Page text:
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3 Simple Indicators Of Potentially Good Investments

Credit: Simon Cunningham

Benjamin Graham is a seminal figure in the world of investing and has contributed widely to the field with many of his timeless ideas such as “Mr. Market” and the margin of safety.

Graham also left behind a series of formulas and investing checklists that can help investors simplify the investing process. One of them is a 10-step checklist. In my own personal investing activities, I have adjusted Graham’s 10-step checklist into a simpler 3-step checklist to reflect how I think about investing. The adjusted checklist is shown below:

  1. Sustainable profitability, preferably over the last 10 years, with a minimum history of five years
  2. A maximum debt to equity ratio of 1
  3. An earnings yield that’s at least twice the yield of an AAA-rated bond

Let’s run through the importance of each step.

For the first, the key word is “sustainable.” When we invest, we are laying out our cash today with the expectation that more cash will return in the future. The odds of this happening can be high if the company we invest in is able to continue making money in the future, perhaps even growing its profit.

By focusing on companies that have produced sustainable profits historically, I can have more confidence that these companies could deliver similar business performances in the future.

I look for sustainable profits from companies that deliver products and/or services that are simple and/or fulfil a need. Some firms in Singapore’s stock market that I think fit the bill are Singapore Telecommunications Limited (SGX: Z74), Raffles Medical Group Ltd (SGX: R01), and Singapore Exchange Limited  (SGX: S68).

SingTel is Singapore’s largest telecommunications company and it’s fulfilling a need – the need for telecommunications services among people. Meanwhile, Raffles Medical provides healthcare services – that’s also a need – through its hospital (Raffles Hospital in Singapore) and its network of medical centres and clinics in Singapore, China, Hong Kong, Japan, and more. The third company, Singapore Exchange, is the sole stock market operator in Singapore.

Moving on to the second step in my investing checklist – a maximum debt to equity ratio of 1 – it is a simple calculation of dividing the total borrowings of a company by its equity. These figures are easily found in a company’s balance sheet.

The idea behind this ratio is to find companies with lower debt levels. Having low debt allows a company to better withstand shocks to its business and to survive for the long-term. It thus provides investors with an element of safety.

Lastly, we have the third-step in my investing checklist.

Here’s a quick explanation of the technical terms: (1) The earnings yield is the inverse of a company’s price-to-earnings (PE) ratio and so, it can be found by dividing a firm’s earnings per share with its share price; and (2) An AAA-rated bond is supposedly the safest bond an investor can get his or her hands on – the AAA rating is the highest rating in the scale used by credit rating agencies.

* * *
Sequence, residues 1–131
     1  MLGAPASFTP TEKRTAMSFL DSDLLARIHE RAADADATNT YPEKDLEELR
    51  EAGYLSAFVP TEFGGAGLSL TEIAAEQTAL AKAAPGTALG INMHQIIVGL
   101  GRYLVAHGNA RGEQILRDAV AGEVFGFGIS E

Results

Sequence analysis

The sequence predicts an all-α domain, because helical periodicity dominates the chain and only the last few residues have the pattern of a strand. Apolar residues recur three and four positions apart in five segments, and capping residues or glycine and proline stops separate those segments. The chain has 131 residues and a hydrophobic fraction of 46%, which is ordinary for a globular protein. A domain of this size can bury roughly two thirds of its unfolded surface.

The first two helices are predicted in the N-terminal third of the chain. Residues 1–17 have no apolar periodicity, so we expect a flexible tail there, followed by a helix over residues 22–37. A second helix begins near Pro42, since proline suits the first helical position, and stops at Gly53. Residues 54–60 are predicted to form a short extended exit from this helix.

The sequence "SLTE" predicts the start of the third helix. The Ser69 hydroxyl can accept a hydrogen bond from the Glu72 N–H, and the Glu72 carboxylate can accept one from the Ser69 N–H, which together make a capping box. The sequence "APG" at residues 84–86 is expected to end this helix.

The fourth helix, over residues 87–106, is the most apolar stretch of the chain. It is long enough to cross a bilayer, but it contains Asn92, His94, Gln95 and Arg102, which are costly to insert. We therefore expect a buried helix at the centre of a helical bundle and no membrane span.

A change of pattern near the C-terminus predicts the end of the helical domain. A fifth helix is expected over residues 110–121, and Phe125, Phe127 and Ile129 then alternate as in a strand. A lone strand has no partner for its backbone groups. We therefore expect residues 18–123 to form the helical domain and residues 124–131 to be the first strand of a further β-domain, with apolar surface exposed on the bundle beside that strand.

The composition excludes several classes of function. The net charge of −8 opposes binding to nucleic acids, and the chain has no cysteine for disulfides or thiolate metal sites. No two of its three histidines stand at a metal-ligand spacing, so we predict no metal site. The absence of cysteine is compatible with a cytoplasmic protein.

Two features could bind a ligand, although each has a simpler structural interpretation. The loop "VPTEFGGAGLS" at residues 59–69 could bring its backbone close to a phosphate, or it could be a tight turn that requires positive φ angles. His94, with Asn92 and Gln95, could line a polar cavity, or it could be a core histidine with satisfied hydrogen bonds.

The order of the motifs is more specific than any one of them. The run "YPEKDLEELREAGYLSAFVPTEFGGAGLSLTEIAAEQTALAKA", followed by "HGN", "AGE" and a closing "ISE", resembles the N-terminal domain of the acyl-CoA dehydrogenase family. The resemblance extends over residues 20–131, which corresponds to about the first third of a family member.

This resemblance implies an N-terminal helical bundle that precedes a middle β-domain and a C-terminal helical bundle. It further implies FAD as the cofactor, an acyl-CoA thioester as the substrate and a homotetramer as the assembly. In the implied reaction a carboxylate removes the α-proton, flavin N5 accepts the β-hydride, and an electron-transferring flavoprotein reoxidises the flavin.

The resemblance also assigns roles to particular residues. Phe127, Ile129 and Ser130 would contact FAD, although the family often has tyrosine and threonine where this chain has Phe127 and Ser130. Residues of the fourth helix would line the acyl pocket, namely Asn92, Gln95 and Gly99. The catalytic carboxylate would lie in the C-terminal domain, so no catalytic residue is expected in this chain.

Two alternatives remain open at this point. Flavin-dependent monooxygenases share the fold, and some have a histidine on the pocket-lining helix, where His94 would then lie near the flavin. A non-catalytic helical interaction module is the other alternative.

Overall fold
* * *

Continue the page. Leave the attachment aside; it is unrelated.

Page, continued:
The rational for having a company’s earnings yield come in higher than the yield of an AAA-rated bond is that investors in stocks should demand a higher return for the higher risk undertaken given that equities are higher risk when compared to bonds.

Now, why are equities considered higher risk? This is because bonds are usually secured by the assets of a company. Furthermore, in the event that a company is liquidated, bond investors are the first to be paid, with the equity investors being handed the leftovers – if there is any.

As an illustration of how the third step in my check-list works, if an AAA bond is yielding 4%, I’d demand at least an 8% earnings yield (or PE of 12.5 or lower) for the stocks I’m looking at.

Foolish takeaway

By using the simple 3-step investing checklist above, I believe I’m able to identify worthwhile candidates for further research as the companies that filter through will have three important business characteristics: (1) sustainable profits, (2) low financial risk, and (3) a reasonable valuation. But, I should stress again that the checklist is not meant to pick investing targets – it’s merely meant to prune the field of stocks into a more manageable number for a deeper study.

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The information provided is for general information purposes only and is not intended to be personalised investment or financial advice. Motley Fool Singapore contributor Lawrence Nga doesn’t own shares in any companies mentioned.